If your expenses are greater than your income then you have to contend with a budget deficit and there are only two ways you can deal with this. You can earn more money and/or you can spend less – it is as simple as that. Unfortunately, it is easier said than done, or we wouldn’t have gotten into this situation in the first place, right? And that’s how many people get into debt in the first place; by racking up the debt with credit card debt and other high interest loans.
Your budget will help you to focus on areas where you can cut your spending. Obviously you will be looking at luxury items first and those non-essential items that will be easy to eliminate. If you can eliminate your budget deficit by getting rid of these non-essential items then you are in luck however, if you don’t have luxury items to begin with it isn’t so easy. This is how all of those “get rid of all your debt in a year” articles on the home page of Yahoo suck us in, but I wrote a post about why those articles don’t work for most of us. Here is an excerpt from that post “The flaw in every one of those articles is that you *have to be* overspending by upwards of $30,000 a year for any of them to work….. You and me? We are lucky to even have enough money to cover the bills let alone have $10 left over to save.” Can I get an amen?
If that is the case then you will have to go back over your budget again and see the areas where you can cut your spending to try to close the gap between income and expenses. This can be hard, and this is the reason that I started this blog over five years ago. I could not cut back on my mortgage, car payment, insurance, or school fees. The only place I found room to cut was in my grocery bill, and thus I began using coupons. Coupons for everything. If you have a $1.00 off coupon, that is $1.00 in your pocket! Couponing literally saved me from financial ruin. (This coupon page will provide you all the resources to use coupons, if you are not already using them.
“After a visit to the beach, it’s hard to believe that we live in a material world.”
– Pam Shaw
If you are putting a percentage of your income aside a regular basis for some type of saving scheme then you might need to consider canceling that saving until you have managed to reduce your debt to such an extent that you are able to cover your costs with your income.
Once all areas of cost-cutting have been exhausted you are left with the only other alternative of increasing your income and you will need to look at whether you’re able to increase your hours of work or possibly even get a second job to bring in enough additional income to cover your expenses. This is one of the hardest things to do, especially as a single parent. First of all, you have to have the time to take additional hours, or get a second job. Second, the cost of this is high because you are not able to parent your kids if you are working all the time.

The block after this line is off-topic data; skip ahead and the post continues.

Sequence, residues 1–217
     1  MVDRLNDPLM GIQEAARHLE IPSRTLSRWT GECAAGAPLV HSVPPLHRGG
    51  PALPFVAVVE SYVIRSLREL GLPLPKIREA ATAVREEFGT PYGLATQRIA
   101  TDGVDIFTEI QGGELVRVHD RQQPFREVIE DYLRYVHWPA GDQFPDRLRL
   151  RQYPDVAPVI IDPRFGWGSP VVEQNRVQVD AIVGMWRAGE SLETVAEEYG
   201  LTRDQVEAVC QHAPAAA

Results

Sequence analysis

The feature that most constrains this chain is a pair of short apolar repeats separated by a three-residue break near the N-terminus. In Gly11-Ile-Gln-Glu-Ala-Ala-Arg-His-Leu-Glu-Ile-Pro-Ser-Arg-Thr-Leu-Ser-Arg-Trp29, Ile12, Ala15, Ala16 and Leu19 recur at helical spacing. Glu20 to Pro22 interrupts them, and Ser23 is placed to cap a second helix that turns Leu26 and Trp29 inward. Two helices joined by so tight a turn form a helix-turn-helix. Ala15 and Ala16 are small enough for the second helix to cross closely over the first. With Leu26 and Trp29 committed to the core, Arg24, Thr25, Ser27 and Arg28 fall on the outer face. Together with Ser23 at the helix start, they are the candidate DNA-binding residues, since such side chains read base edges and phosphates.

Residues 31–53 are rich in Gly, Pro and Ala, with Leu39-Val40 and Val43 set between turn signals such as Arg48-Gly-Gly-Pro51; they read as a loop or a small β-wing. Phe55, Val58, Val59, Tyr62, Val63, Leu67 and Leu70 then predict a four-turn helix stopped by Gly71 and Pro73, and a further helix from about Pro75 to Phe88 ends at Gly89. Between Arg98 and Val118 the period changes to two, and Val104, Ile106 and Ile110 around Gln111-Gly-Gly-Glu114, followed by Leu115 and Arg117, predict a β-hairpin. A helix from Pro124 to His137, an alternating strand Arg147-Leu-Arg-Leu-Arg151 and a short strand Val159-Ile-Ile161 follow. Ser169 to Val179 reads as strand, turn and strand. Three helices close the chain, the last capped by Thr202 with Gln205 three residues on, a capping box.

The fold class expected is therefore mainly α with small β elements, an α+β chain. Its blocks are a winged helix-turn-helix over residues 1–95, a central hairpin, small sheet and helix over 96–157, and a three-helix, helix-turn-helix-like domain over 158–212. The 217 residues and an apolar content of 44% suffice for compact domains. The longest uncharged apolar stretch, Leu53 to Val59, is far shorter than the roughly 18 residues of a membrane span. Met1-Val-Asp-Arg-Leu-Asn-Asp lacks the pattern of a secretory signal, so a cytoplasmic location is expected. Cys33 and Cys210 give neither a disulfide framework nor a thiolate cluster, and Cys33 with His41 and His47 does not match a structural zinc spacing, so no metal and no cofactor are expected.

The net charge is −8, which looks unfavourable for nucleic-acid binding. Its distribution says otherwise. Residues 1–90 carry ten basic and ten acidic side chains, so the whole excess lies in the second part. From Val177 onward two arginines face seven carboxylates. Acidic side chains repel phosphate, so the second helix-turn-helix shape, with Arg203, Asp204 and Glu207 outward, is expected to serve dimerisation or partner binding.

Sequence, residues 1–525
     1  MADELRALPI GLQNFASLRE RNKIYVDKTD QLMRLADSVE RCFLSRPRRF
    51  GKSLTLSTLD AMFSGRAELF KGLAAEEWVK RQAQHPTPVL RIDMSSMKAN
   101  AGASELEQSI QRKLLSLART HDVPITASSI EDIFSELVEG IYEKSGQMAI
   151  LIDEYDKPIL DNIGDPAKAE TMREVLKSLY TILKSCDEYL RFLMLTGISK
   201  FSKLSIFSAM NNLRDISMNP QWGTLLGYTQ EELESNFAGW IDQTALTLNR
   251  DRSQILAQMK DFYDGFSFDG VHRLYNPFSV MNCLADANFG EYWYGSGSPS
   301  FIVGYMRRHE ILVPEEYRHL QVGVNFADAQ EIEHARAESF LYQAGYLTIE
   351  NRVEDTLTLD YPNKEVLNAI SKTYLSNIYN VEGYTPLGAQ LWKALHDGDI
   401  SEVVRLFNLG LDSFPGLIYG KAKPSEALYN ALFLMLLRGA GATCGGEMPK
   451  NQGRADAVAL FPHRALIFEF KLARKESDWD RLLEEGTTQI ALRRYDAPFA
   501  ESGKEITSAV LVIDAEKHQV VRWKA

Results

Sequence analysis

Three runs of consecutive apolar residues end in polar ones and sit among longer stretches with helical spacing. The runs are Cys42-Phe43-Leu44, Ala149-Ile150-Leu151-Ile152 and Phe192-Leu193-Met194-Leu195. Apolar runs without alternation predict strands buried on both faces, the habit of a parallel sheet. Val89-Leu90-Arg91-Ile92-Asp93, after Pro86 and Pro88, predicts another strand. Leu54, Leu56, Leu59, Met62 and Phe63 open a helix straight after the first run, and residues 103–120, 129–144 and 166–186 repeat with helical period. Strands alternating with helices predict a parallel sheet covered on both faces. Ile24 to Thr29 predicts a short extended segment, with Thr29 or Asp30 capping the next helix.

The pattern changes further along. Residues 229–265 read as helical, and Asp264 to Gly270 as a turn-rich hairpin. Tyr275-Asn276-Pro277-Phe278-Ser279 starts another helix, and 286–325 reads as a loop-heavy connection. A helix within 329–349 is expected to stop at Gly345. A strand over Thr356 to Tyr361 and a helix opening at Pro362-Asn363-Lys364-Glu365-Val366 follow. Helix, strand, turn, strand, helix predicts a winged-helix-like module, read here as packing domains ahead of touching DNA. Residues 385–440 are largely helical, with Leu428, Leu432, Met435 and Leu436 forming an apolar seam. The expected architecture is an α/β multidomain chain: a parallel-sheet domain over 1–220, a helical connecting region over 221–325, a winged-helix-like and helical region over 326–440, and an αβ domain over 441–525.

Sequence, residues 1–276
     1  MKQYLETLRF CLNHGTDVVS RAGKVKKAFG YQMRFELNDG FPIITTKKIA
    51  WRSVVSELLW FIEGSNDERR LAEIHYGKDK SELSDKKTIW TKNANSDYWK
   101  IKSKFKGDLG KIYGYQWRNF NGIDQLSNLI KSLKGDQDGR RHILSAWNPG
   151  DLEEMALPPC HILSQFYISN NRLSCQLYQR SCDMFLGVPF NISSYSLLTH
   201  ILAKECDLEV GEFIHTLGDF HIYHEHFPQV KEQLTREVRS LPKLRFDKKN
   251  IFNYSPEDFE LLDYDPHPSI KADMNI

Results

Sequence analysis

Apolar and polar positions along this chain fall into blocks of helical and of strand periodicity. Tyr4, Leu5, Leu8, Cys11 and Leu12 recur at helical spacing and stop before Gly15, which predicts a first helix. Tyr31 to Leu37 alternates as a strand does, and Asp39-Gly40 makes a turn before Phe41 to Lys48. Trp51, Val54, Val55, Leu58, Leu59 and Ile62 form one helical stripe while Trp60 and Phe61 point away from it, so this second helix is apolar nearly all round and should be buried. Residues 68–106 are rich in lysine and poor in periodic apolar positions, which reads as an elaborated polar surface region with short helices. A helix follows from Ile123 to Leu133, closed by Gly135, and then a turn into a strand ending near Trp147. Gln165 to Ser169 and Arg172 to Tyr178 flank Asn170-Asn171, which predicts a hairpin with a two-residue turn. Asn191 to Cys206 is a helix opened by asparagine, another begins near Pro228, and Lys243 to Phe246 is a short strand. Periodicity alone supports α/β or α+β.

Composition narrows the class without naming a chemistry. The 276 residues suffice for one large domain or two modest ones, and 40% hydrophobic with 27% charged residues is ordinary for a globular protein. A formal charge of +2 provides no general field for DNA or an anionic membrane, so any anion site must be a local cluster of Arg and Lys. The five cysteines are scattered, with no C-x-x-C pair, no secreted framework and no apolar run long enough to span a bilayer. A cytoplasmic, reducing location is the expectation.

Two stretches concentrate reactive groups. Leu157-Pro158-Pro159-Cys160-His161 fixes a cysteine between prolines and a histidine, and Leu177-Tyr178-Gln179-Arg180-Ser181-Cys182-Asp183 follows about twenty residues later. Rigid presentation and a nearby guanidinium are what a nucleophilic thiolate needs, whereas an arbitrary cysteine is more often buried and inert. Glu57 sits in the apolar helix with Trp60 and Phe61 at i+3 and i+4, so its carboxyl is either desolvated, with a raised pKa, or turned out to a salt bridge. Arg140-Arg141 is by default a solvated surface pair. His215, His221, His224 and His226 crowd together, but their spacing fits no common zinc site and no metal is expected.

I have made over $50o using Swagbucks. I know that it sounds gimmicky, but I assure you that it is not. (I have not, and will not, ever suggested any gimmicky way to save or make extra money.) When I first started using Swagbucks I signed up and then let it sit for about a year and then one day I decided I had nothing to lose by checking it out. So, I did and the rest is history. Now you can learn from me and the tips that I give you about how to earn the most Swagbucks.
This page I put together has a list of my favorite money saving tips. Tried and true ones. Ones that I use on a day in and day out basis.
One way or another, unless your budget deficit is eliminated you will continue accumulating debt and the more of that you do, the more difficult it will be to bridge the budget deficit gap. Don’t wait. Work with me NOW to create your budget, and gain control of your finances!
If you’re looking for my budget template, you will gain immediate access when you sign up for email updates.
Disclaimer: I am not a financial professional and don’t play one on tv. The information provided on Single Mom on a Budget.com is my own opinion and should not be construed as fact or advice, and you follow it at your own risk. You are responsible for your own personal finances and should not rely on this site to make the final decision for you. This blog is my means of communicating my experiences to you and to prompt you to think and consider your own situation, but you are 100% responsible for any actions you take. Always consult an attorney or tax professional regarding your specific legal or tax situation.